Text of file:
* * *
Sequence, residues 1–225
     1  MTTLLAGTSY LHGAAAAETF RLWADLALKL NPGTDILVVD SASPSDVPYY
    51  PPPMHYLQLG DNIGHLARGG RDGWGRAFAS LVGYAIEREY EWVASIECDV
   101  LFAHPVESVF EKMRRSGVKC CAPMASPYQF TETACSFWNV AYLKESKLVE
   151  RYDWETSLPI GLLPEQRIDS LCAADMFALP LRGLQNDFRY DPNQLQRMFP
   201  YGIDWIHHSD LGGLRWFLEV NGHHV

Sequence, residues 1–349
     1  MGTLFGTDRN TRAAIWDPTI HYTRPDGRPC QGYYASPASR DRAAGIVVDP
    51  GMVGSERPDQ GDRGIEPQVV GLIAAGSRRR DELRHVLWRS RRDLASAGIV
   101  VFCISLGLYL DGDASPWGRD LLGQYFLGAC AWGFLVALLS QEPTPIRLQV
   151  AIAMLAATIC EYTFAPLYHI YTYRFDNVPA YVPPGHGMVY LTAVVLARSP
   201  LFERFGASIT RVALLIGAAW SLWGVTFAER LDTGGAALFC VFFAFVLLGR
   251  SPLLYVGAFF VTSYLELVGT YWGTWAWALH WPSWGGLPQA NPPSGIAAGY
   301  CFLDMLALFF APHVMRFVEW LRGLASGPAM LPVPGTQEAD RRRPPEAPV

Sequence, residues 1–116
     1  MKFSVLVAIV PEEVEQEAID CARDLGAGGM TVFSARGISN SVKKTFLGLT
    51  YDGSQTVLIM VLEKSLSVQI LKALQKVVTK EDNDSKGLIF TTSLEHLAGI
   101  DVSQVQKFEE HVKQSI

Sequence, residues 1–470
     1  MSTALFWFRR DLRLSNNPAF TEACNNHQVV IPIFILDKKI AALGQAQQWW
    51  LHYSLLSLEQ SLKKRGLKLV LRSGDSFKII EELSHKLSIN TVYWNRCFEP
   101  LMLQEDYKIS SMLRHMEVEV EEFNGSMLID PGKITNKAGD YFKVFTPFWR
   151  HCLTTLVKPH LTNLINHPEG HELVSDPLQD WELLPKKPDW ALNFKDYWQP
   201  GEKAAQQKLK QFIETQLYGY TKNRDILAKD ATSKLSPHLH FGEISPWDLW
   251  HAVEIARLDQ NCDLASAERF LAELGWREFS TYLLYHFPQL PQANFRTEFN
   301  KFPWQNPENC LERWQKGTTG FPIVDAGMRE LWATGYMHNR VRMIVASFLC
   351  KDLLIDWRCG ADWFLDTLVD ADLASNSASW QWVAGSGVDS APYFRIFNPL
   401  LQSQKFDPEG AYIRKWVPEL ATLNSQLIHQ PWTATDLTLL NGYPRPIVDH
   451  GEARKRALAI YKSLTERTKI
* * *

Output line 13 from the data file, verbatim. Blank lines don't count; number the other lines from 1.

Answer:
   251  SPLLYVGAFF VTSYLELVGT YWGTWAWALH WPSWGGLPQA NPPSGIAAGY